Etched in flesh

I must confess that my first reaction, upon hearing about the thug who had his seven year-old tattooed with his gang’s symbol, was that the solution seemed pretty straightforward: a bullet under the chin of the sperm-donor, along with a good home for his son, and if someone will pay for two plane tickets to Kansas I know plenty of people willing to supply both.

The public defender, whose job it is to argue moral equivalencies in a world increasingly preoccupied with the latter and not the former, elaborated the mitigating circumstances. The tattoo was only the size of a quarter. The kid asked for it. How is this different from circumcision? He left out, but might have added, that holding a man like the boy’s putative father responsible for moral decisions is like asking a turnip to recite Shakespeare.

Serpent-tongued inanity is no longer the singular province of attorneys; the tattoo artist’s mother-in-law chimed in with the observation that her many tattoos tell the story of her life. Nobody doubted that for a second, dear.

In a world where every day children are raped, beaten to death, made to kill, torn from their homes or from the wombs of their mothers, this is such a small thing, which is itself tragic. I react with horror all the same, with an inclination to do violence, because here we see the cycle writ small, evil planting evil’s seed in the very flesh of a child.

This little boy deserves a chance to write his own life’s story, or at least not to have it etched into his skin by people who have been gradually transmogrified into monsters by their own failed parents and communities. That’s what we object to — not the fleeting pain of a small tattoo, but this literal marking of a child, this claiming before his time, before he has developed any capacity to maybe, possibly, by the grace of God, choose something other than tribal violence and an early grave.

“I want to be like you,” the boy is reported to have said to his father. Here is the painful truth for every parent, that they want to be like us even when we don’t want to be us. They are crafted to follow our own miserable paths and so if we have an ounce of love for them we strive not only to walk a better path but to point them heavenward, to a Father who does not fail them, who centuries ago exchanged the physical scarring that was the crude language of His earth-bound people for the deeper mark of soul-cleansing water.

And so this is why we pray for them, for own children and for those who are lost, and if we reflect on the state of our own souls we pray as well for the predators, for the father who scars his son, for the lawyer who defends the indefensible, for a nation too craven and benighted to call evil by its rightful name. We pray for the perpetrators as well as the victims because more often than not we have been the perpetrators as well, in spirit if not in fact, and so we cling to a promise and warning that we will be forgiven as we forgive.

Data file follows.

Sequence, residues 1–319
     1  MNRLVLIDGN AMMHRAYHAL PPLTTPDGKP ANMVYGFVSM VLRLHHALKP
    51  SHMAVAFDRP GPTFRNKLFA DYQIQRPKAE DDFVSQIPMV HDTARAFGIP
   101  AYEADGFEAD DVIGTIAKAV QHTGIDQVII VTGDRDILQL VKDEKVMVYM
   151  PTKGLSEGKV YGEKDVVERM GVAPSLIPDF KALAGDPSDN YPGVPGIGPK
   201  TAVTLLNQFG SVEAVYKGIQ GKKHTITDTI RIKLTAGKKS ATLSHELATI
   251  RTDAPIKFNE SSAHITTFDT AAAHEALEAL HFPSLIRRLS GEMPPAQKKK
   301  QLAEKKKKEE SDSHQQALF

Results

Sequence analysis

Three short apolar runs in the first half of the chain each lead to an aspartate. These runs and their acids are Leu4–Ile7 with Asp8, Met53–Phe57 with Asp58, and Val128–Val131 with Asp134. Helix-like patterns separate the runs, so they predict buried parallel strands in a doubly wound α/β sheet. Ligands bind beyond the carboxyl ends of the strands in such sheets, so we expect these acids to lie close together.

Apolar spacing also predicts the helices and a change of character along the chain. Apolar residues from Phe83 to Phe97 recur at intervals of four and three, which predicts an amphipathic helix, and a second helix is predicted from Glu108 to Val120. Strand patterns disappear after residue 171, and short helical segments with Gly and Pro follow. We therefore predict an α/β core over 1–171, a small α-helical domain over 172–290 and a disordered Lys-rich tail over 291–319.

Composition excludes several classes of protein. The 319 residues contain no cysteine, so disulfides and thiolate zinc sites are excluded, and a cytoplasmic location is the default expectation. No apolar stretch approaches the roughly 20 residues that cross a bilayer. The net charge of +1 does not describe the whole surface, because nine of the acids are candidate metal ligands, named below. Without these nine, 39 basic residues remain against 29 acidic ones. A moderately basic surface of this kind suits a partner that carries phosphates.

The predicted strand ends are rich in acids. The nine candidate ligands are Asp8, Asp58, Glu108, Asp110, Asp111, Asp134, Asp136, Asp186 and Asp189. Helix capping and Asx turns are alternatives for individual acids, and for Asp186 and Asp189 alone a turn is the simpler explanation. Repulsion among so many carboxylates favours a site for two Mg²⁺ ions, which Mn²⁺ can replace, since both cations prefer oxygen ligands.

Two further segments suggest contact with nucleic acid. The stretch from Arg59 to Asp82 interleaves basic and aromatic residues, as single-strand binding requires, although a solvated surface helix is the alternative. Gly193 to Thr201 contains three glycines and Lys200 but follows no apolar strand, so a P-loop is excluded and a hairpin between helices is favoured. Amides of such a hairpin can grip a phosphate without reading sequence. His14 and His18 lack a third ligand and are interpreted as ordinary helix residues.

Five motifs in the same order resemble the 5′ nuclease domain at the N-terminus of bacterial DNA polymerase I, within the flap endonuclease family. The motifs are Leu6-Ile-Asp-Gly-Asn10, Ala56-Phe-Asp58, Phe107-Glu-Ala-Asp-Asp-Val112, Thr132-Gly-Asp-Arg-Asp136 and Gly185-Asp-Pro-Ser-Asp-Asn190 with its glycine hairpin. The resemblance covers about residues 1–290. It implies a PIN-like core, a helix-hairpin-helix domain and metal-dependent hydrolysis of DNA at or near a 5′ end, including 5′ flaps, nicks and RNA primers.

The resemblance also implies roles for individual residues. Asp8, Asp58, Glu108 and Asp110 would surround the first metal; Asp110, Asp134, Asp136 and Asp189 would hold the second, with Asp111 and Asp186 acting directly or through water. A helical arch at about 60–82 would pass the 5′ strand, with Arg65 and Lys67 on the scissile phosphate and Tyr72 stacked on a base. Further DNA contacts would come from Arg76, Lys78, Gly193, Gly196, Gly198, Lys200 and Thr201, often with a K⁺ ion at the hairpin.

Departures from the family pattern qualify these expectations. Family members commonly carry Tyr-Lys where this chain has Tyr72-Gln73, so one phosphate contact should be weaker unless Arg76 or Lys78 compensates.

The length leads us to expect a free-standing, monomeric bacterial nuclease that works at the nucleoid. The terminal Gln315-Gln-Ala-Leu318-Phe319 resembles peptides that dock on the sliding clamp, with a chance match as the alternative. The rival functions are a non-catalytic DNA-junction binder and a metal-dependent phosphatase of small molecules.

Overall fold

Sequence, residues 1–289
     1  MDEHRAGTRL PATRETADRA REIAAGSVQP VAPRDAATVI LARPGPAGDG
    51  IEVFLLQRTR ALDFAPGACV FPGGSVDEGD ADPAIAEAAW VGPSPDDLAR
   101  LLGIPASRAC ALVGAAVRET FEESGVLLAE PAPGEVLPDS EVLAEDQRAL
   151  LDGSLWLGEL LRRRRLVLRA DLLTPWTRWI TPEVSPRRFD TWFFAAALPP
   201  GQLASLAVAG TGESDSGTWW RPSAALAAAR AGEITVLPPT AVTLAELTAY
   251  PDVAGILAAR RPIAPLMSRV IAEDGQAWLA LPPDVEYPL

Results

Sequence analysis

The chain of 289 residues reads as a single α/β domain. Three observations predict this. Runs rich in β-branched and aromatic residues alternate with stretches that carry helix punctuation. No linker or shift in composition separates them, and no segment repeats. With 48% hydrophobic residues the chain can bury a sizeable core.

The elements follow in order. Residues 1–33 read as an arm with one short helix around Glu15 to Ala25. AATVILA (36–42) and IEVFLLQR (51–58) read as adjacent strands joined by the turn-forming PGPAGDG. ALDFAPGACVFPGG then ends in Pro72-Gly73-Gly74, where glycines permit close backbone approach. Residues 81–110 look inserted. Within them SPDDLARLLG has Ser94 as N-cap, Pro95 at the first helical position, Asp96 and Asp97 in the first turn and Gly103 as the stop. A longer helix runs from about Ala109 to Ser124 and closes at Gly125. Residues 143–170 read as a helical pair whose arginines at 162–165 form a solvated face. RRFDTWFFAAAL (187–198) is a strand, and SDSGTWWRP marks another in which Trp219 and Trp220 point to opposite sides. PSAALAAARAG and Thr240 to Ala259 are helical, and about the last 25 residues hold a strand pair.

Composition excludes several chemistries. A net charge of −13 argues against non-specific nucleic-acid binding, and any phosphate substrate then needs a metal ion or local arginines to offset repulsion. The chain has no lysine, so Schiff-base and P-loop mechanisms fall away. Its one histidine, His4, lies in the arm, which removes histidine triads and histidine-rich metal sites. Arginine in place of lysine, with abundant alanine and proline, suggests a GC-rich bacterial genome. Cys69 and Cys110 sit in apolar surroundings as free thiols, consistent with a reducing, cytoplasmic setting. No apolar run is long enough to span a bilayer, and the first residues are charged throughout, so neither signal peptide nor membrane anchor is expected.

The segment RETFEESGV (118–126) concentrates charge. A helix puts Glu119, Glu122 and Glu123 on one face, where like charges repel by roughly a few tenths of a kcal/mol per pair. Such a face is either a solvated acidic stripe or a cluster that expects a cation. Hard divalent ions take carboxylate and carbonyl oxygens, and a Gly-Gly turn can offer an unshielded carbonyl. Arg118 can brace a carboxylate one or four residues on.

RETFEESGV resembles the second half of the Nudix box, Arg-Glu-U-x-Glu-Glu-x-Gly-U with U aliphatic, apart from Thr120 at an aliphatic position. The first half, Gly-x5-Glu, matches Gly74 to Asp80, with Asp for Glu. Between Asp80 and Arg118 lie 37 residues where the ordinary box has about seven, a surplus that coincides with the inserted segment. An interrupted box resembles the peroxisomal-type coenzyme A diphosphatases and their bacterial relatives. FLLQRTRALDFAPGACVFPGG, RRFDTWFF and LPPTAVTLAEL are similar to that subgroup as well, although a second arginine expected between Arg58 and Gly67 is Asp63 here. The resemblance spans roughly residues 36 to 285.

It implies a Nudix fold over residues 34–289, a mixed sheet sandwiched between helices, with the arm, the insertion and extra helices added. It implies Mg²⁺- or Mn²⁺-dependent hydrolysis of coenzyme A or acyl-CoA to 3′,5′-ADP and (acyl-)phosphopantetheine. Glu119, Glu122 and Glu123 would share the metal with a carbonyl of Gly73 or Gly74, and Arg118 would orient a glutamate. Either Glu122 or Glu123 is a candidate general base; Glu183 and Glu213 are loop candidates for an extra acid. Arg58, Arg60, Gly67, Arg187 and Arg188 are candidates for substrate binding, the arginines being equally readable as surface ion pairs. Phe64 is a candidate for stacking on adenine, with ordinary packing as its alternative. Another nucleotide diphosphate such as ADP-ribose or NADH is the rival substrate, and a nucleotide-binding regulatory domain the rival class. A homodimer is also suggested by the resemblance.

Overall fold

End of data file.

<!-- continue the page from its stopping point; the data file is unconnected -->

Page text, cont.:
We pray for all of them, the ones we love and the ones we should love, and we pray especially for ourselves, that something will happen, that the great setting to rights will begin, that one deep night we will awake to light and the sound of trumpets, obliterating all memory of what we have seen and done here.


  1. Bradley J. Moore

    “I want to be like you”
    Now that is the scariest thing about parenthood – you are right. And it unfortunately perpetuates both the good and the bad. Yes, sometimes prayer is our only refuge.

  2. Ed Chinn

    As a father (and now a grandfather) this piece strikes me as profoundly beautiful. Only a serious parent could have written it. I deeply appreciate the authenticity of this piece. We’ve all said (or thought) and heard, “I want to be like you.” Thank you so much, Tony.

  3. Joe Strummer

    “The public defender, whose job it is to argue moral equivalencies in a world increasingly preoccupied with the latter and not the former, elaborated the mitigating circumstances.”

    Is that really what defense attorneys do? “Argue moral equivalencies”? Or do they… you know… require the state to prove its case beyond a reasonable doubt.


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